But you do ask an interesting question, couldn’t athletes make tens of millions of dollars by selling their sperm? 

I mean, we do it with horses and a top horse is much less valuable than a top athlete.

I’d think there would be a huge market.

This doesn’t even consider single women who have decided, often correctly, that the men they could procreate with are all losers.

Why wouldn’t they just all select the smartest, best looking, most athletic sperm available? Wouldn’t society ultimately benefit? 

The even more interesting question is, what happens when everyone’s DNA code can be pieced together and we know what causes what athletic and mental traits. What if you could take Stephen Hawking’s intellect, Warren Buffet’s financial acumen, LeBron’s athleticism, and George Clooney’s looks and roll it all into one package?

What would that sell for?

Get ready, it’s coming.

By the time we all have grandchildren scientific advancements are going to be totally wild.  

Mark E. writes:

Clay,



“I had this conversation with a few friends and we would like your input. Oregon installed a barber shop in their new football facility. This got us thinking, do Oregon players get free haircuts now?  What would stop Alabama or any other program from topping Oregon and installing a tattoo parlor for example in their new facility? I bet free tattoos would attract a few recruits.



Are there any restrictions on what kinds of things programs can have in their facilities or what the kids can get as an athlete?”

Great question. 

For instance, lots of schools have smoothie bars in the weight room, unlimited food and drink, you name it from a culinary angle. 

If the haircuts are free — and I’m not sure whether they are or not — is that considered grooming? Could you add a full spa? Pedicure and manicure stands? Where’s the line drawn between a proper and improper benefit when it’s provided by the school?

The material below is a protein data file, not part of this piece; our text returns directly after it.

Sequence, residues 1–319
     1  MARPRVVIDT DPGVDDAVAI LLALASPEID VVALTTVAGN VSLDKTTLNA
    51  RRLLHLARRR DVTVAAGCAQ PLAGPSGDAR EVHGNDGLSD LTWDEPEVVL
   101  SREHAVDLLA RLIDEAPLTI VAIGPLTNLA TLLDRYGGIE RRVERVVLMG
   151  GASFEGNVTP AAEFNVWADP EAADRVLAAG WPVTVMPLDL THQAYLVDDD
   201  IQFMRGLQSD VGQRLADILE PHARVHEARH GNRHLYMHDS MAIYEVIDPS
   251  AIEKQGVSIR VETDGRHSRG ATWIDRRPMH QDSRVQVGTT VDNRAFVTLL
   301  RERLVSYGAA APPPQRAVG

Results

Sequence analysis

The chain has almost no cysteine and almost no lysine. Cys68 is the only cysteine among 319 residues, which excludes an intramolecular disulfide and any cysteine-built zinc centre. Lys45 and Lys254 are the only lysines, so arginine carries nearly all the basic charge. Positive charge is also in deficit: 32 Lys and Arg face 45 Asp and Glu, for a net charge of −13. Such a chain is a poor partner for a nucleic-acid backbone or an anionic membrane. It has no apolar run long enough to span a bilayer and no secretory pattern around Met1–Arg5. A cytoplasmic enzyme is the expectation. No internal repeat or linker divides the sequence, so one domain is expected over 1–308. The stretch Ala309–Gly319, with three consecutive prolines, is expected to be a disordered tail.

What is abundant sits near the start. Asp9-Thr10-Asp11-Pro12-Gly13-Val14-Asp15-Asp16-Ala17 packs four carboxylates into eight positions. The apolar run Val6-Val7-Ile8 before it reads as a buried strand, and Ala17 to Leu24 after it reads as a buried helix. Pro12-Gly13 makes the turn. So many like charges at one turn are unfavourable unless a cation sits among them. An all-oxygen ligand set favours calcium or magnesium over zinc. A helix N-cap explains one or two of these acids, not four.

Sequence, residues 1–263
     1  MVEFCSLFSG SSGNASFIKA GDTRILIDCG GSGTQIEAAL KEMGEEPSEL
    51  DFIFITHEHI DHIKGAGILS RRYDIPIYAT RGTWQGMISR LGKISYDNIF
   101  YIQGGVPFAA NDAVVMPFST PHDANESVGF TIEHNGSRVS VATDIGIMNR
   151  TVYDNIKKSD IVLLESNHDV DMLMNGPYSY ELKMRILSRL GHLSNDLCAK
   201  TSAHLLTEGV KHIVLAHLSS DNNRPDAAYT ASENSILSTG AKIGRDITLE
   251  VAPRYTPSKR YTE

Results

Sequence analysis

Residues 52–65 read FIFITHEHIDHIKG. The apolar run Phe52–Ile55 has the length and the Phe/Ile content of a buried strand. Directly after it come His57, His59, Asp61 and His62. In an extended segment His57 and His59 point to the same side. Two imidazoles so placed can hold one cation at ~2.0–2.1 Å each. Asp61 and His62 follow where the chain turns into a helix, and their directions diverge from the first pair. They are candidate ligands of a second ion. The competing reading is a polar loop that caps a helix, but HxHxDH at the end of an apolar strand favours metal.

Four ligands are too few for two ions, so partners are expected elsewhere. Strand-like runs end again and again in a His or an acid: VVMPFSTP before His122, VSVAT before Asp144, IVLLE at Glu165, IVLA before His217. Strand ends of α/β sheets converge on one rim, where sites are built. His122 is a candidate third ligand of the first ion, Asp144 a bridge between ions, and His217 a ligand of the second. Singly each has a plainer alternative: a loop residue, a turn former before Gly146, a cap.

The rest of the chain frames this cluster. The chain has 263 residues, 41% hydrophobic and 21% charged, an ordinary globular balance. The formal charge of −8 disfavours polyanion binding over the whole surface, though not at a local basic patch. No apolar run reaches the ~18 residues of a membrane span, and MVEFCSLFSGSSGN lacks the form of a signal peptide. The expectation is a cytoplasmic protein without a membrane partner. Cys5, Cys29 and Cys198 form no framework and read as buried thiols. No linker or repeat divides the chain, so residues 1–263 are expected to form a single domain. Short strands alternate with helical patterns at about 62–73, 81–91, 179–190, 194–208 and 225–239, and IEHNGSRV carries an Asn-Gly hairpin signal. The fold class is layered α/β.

I have no idea. 

There have to be restrictions — for instance you could probably provide massages, but you couldn’t provide massages with happy endings from hostesses unless you were Oklahoma State or Tennessee — but where is the exact line drawn between permissible and impermissible?

Great question.  

Michael W. writes:

“Clay,

You seem like a smart guy, so can you list one logical reason why the Jacksonville Jaguars don’t sign Tim Tebow? Being an Alabama Graduate living in Knoxville, TN I have no dog in the fight, but it blows my mind how they don’t see the business value in the move. Enlighten me?”

From a business perspective there are zero reasons why the Jags wouldn’t sign Tebow. 

They suck already. 

How much worse could Tebow make them than Blaine Gabbert?

I’ve been arguing this for years. They’d definitely sell many more seats with Tebow. Would they win more games? Probably not. But they’d at least sell some tickets. 

Jon G. writes:

What if Texas A&M were still in the Big 12?  How would last year’s season have played out for the Aggies and Johnny Football?

If A&M was still in the Big 12, I think the Aggies would have gone undefeated and played Alabama for the BCS title last year.